Why Every Social Entrepreneur Should Be Paying Attention to SKS & Unitus

This is a guest post from Tim Ogden. Tim is Editor-in-Chief of Philanthropy Action, a journal for donors, and Executive Partner of Sona Partners, a thought-leadership communications firm. Follow him on Twitter: @philaction and @timothyogden.

By Tim Ogden

TO3 Today, the world’s second microfinance IPO happened: SKS shares went on the market in India. All expectations are for a highly successful IPO similar to the blockbuster IPO of Compartamos in Mexico two years ago. Strangely tied into the SKS IPO is the demise of Unitus, a non-profit founded to help MFIs improve operations, grow faster and attract commercial capital. A few weeks ago, the board of Unitus declared “Mission Accomplished,“ announced it would be laying off its staff and examining a future direction for the organization focused on other poverty interventions. Unitus was a significant donor to and investor in SKS with both charitable and for-profit dollars.

The SKS IPO has produced largely the same rhetoric as the Compartamos IPO: Mohammed Yunus complains about profiting from the poor while polishing his halo and a few other experts point out that meeting the financial needs of the global poor requires access to commercial capital markets.

But that discussion is well worn and a distraction from the real issues that are raised by the SKS IPO and the Unitus shutdown. In the two organizations we are for the first time, I believe, seeing what the endgame for social entrepreneurship can look like.

Both SKS and Unitus majored on social entrepreneurship language: they explicitly targeted using commercial capital to meet social goals. This is somewhat distinct from Compartamos, whose founders tended to speak about pursuing commercial goals for their own sake, not primarily as a means to a social end. Just as important both organizations used the standard social entrepreneurship playbook, founding a nonprofit organization and funding themselves initially at least with charitable donations.

These charitable donations into the risky venture of microfinance have succeeded by most reasonable measures. SKS makes quality financial services available to a huge number of clients, while charging very reasonable interest rates given the cost of serving the clients it targets. Unitus was one of the first organizations to invest in MFIs to help them access commercial capital and to evangelize microfinance investments to the commercial capital markets. As the Unitus board noted in the announcement of its shutdown, a huge amount of commercial capital is now flowing to microfinance, some would argue too much.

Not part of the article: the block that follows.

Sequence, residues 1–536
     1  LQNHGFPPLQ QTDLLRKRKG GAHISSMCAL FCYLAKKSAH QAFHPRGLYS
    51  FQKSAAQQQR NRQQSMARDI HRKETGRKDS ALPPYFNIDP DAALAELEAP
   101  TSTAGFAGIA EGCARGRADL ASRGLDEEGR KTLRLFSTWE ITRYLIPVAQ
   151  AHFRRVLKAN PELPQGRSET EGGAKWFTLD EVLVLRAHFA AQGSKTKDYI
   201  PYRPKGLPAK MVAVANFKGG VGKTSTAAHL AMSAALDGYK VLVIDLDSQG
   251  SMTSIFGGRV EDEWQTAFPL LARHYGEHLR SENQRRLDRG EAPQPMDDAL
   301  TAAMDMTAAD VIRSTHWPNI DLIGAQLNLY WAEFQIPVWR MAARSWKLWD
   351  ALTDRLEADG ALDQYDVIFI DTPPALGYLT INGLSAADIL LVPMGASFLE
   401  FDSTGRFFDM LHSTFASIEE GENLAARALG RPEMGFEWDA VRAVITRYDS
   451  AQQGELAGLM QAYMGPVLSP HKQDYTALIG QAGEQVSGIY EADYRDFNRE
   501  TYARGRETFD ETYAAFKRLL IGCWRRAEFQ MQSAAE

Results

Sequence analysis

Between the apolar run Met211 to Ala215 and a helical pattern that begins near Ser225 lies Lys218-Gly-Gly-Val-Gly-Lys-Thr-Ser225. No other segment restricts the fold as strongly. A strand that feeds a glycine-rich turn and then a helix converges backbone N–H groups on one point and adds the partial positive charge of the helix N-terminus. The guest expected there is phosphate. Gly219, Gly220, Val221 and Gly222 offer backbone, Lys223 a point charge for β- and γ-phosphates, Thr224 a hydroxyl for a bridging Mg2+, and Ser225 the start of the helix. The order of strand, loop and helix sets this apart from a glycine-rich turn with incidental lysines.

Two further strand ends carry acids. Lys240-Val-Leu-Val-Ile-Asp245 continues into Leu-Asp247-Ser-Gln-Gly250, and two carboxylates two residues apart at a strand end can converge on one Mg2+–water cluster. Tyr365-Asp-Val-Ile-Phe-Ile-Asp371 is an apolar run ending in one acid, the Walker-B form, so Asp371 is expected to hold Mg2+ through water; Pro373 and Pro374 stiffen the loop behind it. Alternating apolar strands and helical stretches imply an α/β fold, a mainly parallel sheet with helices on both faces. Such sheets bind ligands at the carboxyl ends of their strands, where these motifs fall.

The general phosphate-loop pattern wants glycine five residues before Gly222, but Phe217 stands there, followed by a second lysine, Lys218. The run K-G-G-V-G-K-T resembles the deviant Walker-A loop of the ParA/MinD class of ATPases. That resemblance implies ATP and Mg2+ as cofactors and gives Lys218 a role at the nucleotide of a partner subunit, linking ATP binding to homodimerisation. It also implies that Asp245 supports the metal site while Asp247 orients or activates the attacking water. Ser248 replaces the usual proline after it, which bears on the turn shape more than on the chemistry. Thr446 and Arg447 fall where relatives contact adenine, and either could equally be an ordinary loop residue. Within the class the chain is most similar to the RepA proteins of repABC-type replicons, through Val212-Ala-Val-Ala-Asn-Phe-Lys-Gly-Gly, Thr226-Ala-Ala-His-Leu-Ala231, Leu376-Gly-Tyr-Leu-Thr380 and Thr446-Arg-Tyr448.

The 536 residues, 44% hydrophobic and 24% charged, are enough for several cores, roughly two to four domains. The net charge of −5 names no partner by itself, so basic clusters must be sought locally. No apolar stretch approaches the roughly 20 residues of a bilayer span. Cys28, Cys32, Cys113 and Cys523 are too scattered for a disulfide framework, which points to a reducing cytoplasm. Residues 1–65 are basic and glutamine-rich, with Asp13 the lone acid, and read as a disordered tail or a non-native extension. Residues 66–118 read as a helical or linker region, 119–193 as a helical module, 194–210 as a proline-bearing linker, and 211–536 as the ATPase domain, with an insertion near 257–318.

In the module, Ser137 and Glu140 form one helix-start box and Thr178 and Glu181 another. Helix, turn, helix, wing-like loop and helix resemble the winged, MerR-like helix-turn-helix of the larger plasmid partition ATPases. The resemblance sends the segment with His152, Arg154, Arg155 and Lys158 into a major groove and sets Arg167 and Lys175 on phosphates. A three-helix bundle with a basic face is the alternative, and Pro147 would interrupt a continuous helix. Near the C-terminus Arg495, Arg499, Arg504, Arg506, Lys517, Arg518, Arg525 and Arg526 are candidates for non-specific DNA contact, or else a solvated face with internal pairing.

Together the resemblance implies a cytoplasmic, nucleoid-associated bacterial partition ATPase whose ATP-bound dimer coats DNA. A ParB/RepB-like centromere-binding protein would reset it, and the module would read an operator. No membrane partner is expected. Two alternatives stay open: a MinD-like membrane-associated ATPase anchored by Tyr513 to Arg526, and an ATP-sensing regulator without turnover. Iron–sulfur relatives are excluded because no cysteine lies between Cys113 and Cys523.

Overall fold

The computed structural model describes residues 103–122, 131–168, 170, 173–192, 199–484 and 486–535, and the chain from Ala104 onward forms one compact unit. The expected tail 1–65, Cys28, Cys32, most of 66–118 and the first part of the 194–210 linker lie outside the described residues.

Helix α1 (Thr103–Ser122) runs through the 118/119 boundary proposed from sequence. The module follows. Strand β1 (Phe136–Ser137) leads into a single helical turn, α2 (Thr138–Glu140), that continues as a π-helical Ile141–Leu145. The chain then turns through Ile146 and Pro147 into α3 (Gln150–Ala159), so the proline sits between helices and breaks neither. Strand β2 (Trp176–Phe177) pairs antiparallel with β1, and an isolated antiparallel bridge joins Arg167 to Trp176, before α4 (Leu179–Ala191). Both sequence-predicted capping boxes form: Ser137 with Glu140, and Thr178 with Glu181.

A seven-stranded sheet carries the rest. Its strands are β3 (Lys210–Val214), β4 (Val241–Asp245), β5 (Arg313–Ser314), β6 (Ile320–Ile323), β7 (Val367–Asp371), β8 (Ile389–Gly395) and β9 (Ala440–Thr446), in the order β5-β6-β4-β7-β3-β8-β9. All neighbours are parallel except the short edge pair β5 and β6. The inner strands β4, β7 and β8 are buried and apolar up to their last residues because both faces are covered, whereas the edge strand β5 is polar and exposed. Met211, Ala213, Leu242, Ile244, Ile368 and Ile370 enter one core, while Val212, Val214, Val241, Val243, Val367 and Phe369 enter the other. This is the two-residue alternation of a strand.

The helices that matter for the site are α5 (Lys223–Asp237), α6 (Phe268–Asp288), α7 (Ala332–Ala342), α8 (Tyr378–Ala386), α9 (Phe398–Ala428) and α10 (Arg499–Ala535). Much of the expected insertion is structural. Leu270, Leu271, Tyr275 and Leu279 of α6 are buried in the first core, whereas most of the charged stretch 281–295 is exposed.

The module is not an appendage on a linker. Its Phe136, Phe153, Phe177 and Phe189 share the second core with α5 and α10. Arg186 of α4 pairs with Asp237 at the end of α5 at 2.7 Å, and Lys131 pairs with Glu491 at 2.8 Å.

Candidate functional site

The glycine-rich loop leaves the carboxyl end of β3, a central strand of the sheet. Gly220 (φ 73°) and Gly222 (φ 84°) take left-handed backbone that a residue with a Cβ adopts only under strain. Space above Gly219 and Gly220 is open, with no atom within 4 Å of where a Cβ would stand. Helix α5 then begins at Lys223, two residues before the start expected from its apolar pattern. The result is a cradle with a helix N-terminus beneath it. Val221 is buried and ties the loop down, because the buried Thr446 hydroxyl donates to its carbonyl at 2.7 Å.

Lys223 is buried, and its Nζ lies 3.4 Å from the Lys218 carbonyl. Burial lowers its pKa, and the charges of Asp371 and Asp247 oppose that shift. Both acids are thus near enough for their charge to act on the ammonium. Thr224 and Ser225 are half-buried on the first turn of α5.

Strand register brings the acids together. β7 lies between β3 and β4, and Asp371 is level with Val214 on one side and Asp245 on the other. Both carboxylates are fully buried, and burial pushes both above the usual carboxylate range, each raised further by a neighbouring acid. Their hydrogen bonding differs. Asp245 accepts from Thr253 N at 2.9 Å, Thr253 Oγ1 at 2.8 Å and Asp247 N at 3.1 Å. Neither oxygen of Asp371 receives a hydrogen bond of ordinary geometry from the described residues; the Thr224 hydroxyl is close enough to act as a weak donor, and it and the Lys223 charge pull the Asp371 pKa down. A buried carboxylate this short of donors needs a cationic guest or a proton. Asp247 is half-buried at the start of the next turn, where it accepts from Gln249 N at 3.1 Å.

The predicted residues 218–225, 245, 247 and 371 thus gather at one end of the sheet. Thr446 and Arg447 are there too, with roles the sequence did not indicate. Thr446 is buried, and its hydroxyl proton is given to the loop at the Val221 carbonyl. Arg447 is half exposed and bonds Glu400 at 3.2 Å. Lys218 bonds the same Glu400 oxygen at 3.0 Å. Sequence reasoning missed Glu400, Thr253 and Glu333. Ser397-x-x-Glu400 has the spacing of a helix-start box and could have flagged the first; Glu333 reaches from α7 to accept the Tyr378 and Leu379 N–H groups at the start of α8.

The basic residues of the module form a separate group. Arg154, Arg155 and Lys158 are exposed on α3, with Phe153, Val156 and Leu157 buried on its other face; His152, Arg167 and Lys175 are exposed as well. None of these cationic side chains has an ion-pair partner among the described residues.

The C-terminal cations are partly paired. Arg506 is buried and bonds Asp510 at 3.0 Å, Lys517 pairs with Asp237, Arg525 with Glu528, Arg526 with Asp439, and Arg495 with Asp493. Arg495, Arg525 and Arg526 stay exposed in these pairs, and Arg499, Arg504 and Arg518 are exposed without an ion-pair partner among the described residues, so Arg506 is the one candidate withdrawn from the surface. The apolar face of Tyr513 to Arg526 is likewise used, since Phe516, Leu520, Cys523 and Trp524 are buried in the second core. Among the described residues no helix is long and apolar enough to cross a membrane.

That success in turn, as contemplated in the dreams of social entrepreneurs, has made it possible for the founders of Unitus and SKS to do well because they did good. But that’s where the story begins to get murky. That murkiness is based in a number of transactions that were necessary for SKS to take commercial capital and for Unitus to prove the commercial capital model. Along the way, the clients who owned 40 percent of SKS, have had their share diluted without it being clear exactly how they will benefit. Unitus, the non-profit, spun off the Unitus Equity Fund, a for-profit private equity fund, and seems to have given the for-profit some share of its investment in SKS. Members of the Unitus board who approved the creation of the for-profit fund spun out of the non-profit are almost certainly (though its difficult to determine for sure) investors in the Unitus Equity Fund who now stand to benefit from the SKS IPO.

Adding significantly to the murkiness is the strange tale of the Unitus shutdown. Seemingly announced in a way as to minimize attention, the story has gotten very convoluted. Apparently most donors and staff were utterly surprised by the move. The chairman of the Unitus board issued a statement trying to answer some of the very reasonable questions; several of his answers were almost immediately refuted by reporting done by Clay Holtzmann of the Puget Sound Business Journal.

That brings us to some big questions, that to date, many social entrepreneurs have been able to ignore. While we were all talking in theory about social entrepreneurship and using market mechanisms for social ends, and bringing capital and scale to poverty alleviation and other worthy goals, we could blithely ignore some thorny issues. After all, why worry about about the “doing well” part when no one had yet “done well?“ It’s happening now, though, and that’s why social entrepreneurs, their funders and policy makers need to be paying attention.